Further to that point of order, Mr. Speaker. Will you confirm that the matters underlying this affair will be dealt with, and that presumably points of order will no longer be needed, as and when the law takes its course? When Labour Members have faced criminal charges, we have been content that the law should take its course. If hon. Members wish to conduct the debate in this way, they should be reminded that Opposition Members have faced criminal charges and have been convicted, and that we have been content that the law should take its course.

Further to that point of order, Mr. Speaker. Will you remind the House, enjoying as it does absolute privilege, that it is not in its interests that Members of any political party should make a political scene or a mockery of the conduct of Members on either side of the House, or that they should abuse your copyright in the letters that you write, and the trust that you put in hon. Members when you send letters, to make cheap, bad points? It does nothing for the honour of the House.

On a different point of order, Mr. Speaker. As you have probably noticed during these exchanges, the hon. Member for Ynys Môn (Mr. Best) has not appeared in the Chamber. That has helped you considerably, because it crossed my mind during the exchanges yesterday that had the hon. Member for Ynys Môn been here he would have heard some of my hon. Friends allege that the man was not honourable but was a cheat. That is the theoretical standpoint. Suppose that the matter continues for a while and eventually he turns up in the Chamber — and, in order to represent his constituents, he may eventually be forced to do that. One would expect him to come here. Then you, Mr. Speaker, will have a problem, which is the point of order. For instance, if an hon. Member says and believes that the hon. Member for Ynys Môn is not honourable but is a cheat, a crook, and a swindler, will you throw that hon. Member——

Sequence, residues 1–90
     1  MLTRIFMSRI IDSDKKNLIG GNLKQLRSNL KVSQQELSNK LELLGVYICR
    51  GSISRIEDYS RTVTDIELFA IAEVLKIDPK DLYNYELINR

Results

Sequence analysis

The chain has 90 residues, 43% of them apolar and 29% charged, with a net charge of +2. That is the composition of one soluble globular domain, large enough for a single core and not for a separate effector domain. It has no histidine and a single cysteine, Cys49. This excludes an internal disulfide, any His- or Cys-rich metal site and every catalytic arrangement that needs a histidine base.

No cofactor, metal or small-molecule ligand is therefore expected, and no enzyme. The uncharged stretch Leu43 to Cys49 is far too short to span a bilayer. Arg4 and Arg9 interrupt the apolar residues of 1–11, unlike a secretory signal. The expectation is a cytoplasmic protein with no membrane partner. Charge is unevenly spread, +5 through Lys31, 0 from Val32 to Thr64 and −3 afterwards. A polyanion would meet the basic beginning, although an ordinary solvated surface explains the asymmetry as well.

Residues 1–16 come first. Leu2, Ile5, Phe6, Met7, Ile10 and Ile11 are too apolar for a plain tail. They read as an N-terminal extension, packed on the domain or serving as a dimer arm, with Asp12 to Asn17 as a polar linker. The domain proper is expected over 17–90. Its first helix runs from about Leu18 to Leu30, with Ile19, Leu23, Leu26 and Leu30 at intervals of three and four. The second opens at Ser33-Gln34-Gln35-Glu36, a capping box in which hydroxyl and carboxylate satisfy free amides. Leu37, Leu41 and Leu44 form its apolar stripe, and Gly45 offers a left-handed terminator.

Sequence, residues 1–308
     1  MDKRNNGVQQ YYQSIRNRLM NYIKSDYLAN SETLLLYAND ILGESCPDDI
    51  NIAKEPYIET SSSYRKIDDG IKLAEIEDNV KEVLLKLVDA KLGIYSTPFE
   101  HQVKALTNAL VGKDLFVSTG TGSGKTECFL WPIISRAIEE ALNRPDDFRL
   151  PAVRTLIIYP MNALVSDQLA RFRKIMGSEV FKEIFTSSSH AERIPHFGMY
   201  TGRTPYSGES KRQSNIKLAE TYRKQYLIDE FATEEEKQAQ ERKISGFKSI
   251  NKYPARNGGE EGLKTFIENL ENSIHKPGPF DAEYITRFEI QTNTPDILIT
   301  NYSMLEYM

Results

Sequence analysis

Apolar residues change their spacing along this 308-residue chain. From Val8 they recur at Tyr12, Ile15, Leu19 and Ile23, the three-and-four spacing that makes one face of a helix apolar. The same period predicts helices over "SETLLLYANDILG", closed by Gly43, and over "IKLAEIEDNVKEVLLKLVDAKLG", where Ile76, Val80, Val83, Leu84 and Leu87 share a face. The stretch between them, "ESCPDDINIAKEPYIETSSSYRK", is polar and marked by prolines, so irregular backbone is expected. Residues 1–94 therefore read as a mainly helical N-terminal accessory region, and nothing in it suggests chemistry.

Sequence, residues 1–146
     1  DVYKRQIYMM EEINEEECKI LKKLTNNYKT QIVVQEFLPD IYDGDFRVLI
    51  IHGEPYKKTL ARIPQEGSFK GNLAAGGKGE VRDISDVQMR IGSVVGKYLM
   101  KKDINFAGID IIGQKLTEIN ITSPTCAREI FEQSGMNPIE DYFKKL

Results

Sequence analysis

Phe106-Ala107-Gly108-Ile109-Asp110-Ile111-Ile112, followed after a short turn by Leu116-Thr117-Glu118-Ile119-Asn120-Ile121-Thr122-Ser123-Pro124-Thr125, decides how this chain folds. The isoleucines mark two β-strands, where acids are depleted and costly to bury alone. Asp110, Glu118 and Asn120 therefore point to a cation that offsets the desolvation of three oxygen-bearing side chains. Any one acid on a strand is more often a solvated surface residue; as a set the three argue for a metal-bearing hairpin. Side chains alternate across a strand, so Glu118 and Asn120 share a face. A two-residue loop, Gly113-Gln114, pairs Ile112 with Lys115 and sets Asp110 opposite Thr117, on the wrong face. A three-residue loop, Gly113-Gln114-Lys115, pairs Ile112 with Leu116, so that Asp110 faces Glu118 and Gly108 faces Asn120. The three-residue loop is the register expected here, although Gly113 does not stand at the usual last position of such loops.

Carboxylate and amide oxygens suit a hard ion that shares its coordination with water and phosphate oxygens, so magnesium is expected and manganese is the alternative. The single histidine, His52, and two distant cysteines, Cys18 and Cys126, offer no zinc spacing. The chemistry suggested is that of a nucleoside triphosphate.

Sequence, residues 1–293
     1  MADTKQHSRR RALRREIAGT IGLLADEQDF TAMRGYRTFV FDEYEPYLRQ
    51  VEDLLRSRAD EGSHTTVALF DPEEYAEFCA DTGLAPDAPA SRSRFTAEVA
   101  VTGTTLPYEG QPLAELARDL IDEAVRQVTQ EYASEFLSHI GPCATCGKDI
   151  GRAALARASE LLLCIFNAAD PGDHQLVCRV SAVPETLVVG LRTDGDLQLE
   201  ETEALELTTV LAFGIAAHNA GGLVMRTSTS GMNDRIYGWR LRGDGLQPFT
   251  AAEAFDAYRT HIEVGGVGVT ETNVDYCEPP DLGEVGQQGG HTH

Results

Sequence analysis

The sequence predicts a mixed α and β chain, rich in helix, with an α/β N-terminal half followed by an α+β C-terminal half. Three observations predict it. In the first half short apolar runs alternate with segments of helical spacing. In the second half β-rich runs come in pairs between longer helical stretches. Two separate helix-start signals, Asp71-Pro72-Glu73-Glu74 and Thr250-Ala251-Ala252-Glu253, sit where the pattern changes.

Order. All hon. Members elected to this House are honourable. That goes for hon. Members on both sides of the House. In this country we are all subject to the courts. I repeat that this matter should be dealt with in that way and not by a process of points of order on the Floor of the House.

On a point of order, Mr. Speaker. I have seen the letter which you sent to my hon. Friend the Member for Workington (Mr. Campbell-Savours). I have no wish to quote from the letter unless I have your permission or the permission of my hon. Friend, but I ask for clarification on one point.

I understand that part of the reason why no immediate action is being taken against the hon. Member for Ynys Môn (Mr. Best) is that it is considered that this offence was outside the House and was unrelated to parliamentary proceedings. But I understand that the hon. Member supported and voted for the legislation to privatise British Telecom which gave him the opportunity to line his pockets and commit this offence. Many people outside the House will ask, if that is not a breach of privilege, if that is not contempt of the House, and if that is not abuse of one's position as a Member of Parliament, what is?

Order. The House would not expect me to give reasons for the decisions that I take in the exercise of my discretion. The hon. Gentleman has advanced his views. We dealt with this yesterday. There are clearly laid down procedures for contempt. If the hon. Gentleman wants to proceed in that way, he can do so. He only has to operate the rules which we have. There is no point in raising points of order with the Chair.